The latest release (version 1.3) is 4 layers and weights around 3 grams when printed on a 1.6mm PCB (can further be reduced in the future). It also have some interesting new features: allows self-calibration, can measure its own power supply and has an onboard temperature sensor. Here it is:
On the software side, I might use OrionWspr by Michael Babineau which now supports my board. As an alternative, a simpler version I am developing could also be deployed.
The part I am still wondering about is power. Contrary to my initial understanding, it is, after all, possible to avoid using batteries (or super-capacitors) and power the balloon by solar panels only. That would require somewhat larger panels (probably around 6 or 7 grams) that could generate enough current for the board to run under direct sunlight. An alternative option is to use lighter panel s (1.5 grams or even less) that feed a power charger which in turn charges a 1.5 Farad (5 grams) super-capacitor. Finally, there is the possibility of using lighter panels which directly drive a capacitor without using any chargers. This raw method seems to be preferred by other balloonists but I still don’t have a solution for it.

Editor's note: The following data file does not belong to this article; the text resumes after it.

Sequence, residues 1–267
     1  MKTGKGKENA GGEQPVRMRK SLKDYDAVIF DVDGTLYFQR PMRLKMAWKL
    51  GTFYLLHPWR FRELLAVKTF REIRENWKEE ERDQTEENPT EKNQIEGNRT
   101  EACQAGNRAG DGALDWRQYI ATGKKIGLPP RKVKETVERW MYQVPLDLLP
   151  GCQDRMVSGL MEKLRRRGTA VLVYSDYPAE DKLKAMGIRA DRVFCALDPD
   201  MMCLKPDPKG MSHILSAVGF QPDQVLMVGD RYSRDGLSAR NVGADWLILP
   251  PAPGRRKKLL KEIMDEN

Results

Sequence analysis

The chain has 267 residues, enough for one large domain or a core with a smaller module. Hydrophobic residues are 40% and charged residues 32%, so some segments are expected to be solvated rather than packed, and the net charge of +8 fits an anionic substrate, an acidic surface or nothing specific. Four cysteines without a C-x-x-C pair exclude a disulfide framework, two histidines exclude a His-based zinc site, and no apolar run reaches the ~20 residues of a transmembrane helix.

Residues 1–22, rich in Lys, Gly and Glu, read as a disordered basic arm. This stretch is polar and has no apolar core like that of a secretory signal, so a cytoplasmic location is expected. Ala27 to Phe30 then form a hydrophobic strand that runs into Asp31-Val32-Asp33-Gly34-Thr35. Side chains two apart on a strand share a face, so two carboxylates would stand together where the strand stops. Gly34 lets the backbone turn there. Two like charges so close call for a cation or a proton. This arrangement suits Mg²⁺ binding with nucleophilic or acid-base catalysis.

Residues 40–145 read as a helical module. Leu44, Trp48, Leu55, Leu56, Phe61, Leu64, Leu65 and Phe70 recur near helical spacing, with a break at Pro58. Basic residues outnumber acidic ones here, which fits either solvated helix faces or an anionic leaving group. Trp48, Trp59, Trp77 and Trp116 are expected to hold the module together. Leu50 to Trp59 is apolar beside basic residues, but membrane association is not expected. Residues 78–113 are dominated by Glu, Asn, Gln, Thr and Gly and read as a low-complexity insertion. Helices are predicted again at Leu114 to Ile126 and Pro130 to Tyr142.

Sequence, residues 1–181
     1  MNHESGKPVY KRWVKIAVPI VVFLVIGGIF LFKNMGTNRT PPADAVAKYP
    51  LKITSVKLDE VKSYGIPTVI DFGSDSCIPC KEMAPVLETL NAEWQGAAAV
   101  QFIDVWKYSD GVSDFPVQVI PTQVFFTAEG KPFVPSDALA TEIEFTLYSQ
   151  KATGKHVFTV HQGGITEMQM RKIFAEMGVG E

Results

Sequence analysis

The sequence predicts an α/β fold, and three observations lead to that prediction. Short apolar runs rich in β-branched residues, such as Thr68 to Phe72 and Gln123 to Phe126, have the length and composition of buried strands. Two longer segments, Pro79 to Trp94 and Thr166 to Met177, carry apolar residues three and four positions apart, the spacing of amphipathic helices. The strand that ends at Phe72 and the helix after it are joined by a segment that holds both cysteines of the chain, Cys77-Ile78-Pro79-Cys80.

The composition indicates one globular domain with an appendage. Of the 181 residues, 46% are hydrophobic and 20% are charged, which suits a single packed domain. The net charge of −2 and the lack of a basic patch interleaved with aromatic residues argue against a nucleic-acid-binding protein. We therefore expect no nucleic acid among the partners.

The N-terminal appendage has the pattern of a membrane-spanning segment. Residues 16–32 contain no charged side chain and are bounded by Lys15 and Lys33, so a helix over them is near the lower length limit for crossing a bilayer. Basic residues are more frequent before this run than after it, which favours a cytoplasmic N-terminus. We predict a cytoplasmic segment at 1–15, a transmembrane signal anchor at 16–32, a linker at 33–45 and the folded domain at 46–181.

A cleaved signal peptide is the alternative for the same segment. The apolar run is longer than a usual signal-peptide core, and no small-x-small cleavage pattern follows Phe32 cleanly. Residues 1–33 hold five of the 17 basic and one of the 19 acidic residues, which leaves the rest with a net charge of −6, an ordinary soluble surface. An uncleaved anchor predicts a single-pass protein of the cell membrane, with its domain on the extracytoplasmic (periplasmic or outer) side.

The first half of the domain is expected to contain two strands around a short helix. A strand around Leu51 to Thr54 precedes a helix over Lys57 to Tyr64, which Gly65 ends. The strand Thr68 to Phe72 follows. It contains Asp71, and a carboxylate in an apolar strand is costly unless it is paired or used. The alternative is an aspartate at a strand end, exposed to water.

I recently built a couple of identical WSPR transmitters to be used in direct comparisons between magnetic loops and other antennas, or even between various kinds of magnetic loops. They are now available on Github.